- Using a pair of scissors, cut lumpia into desired length
- Fry in deep hot oil until golden brown
- Drain on paper towels and serve hot with either bottled sweet and sour sauce or Vietnamese sweet chili sauce
Ran into something you might want to check out. As most Hawaii folks do, we yearn for the good eats from back home and make sure any visiting ohana bring the right 'omiyage' for us. Besides Poi and Laulau, we often ask for Portuguese sausage, especially for Franks Foods if you are from Hilo.
Believe it or not, I did find a brand up here that is very close to the genuine Hilo stuff. Our local Super 1 market just started carrying it. Check out www.zennerssausage.com for their linguisa which is mild and just right! If you like it bit hotter, try the andoullie. Comes in links about 12 inches long, 3 make a pound, and at $2.99 a pound retail not bad. They make it in Portland, Oregon and I hate to say it but beats the others I have tried from Seattle and parts of California.
In true Hawaii style, I like to make noise about the good stuff I find but keep quiet about the stuff that doesn't ring my bell...I just no buy em anymore! As you well know, every Hawaiian going to Vegas heads for the Plaza seed store on the 3rd floor of the Plaza Hotel for the dried shrimp! The Hawaiian grapevine is super fantastic!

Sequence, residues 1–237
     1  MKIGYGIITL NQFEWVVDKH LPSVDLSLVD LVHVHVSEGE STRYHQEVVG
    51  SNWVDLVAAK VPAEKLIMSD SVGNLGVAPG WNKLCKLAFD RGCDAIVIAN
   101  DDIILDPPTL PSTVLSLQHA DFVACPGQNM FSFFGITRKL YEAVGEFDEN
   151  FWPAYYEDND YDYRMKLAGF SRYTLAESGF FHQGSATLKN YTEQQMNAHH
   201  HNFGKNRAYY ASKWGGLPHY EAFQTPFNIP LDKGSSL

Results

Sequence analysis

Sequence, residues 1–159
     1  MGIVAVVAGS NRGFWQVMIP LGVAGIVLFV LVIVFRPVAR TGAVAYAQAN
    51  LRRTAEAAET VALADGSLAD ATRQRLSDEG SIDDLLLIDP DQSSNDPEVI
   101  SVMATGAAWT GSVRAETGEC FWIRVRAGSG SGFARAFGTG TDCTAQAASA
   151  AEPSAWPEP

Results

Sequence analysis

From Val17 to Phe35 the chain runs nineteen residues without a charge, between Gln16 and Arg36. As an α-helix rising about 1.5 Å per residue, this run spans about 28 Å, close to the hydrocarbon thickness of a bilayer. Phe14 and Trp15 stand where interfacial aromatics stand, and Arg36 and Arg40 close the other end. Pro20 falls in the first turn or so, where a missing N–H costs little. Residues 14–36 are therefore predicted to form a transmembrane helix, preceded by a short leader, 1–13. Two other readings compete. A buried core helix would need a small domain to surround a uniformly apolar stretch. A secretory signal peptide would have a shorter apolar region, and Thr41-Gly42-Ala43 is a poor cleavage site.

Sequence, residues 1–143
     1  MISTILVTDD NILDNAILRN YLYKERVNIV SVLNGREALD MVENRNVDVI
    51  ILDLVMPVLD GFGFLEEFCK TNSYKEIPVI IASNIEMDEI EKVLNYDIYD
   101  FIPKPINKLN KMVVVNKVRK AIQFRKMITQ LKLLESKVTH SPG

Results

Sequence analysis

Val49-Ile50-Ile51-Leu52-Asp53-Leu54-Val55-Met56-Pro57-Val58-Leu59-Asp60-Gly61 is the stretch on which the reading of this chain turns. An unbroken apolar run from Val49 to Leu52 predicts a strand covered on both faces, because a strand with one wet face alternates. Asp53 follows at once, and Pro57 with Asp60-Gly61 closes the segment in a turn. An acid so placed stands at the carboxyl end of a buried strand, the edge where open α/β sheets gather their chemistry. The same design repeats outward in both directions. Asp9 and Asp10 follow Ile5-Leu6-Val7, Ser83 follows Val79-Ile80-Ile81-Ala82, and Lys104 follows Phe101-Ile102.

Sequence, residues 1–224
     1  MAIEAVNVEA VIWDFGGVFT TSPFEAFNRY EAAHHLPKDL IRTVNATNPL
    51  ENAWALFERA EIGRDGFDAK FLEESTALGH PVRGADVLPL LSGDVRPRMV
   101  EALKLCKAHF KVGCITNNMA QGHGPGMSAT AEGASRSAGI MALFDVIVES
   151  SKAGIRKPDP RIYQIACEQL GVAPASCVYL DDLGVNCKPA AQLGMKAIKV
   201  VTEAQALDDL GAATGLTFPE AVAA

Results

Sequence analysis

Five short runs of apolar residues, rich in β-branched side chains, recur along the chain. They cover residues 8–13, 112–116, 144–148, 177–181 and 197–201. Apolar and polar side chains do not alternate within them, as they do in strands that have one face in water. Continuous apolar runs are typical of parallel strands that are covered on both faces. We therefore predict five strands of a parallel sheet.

Mele Kalikimaka a me Hauoli Makahiki Hou from another Big Islander.
Hawaiian Beef Jerky
1 piece flank steak
Marinade: 2 T. shoyu
1 t. fresh ginger juice
1 clove garlic, crushed
Pound steak on both sides with back of knife blade or mallet. Cut into 4x2x ½” strips.
Combine marinade ingredients and marinate beef strips 1-2 hours. Place beef on rack in shallow roasting pan and sun-dry or place in 225º oven. Time: 5-7 hours. Slice and serve, or it may be broiled or pan-fried and additional seasonings added.
From Miuriel Kamada Miura’s Hawaiian Pupu Party Planner, 1974
Toasted Coconut Chips
Remove meat from fresh coconut and slice paper thin with knife or potato peeler. Spread on cookie sheet and sprinkle with salt. Bake at 300º F until golden brown (about 20 minutes) stirring twice to ensure even cooking. Cool and store in air-tight container. Serve as pupus and with beverages.
From Hawaii Cook Book, edited by John Fitzgerald, Pacifica House Inc. 1965
Exotic Chicken Livers
Cut ½ lb chicken livers into bite-size pieces. Marinate in 2T Hoisin sauce for two hours. Dip chicken liver pieces into batter and deep fry. (The batter will be streaked with sauce.) Serve with hot mustard.
Fritter batter: 1c. flour
1 ½ t. baking powder
1 t. salt
2/3 c. water
Yellow food coloring
Combine ingredients and beat until smooth. When deep fried, this batter will be crisp. It has the advantage of remaining crisp when reheated.
To prepare ahead: Fry chicken livers in the morning. Reheat by spreading on a shallow pan and placing it in a hot 400º oven for 5 minutes.
From Hawaiian Cookbook and Backyard Luau – Elizabeth Ahn Toupin, Silvermine Publishers, 1964
Copyright © 2004-2009 by Northwest Hawai`i Times
All Rights Reserved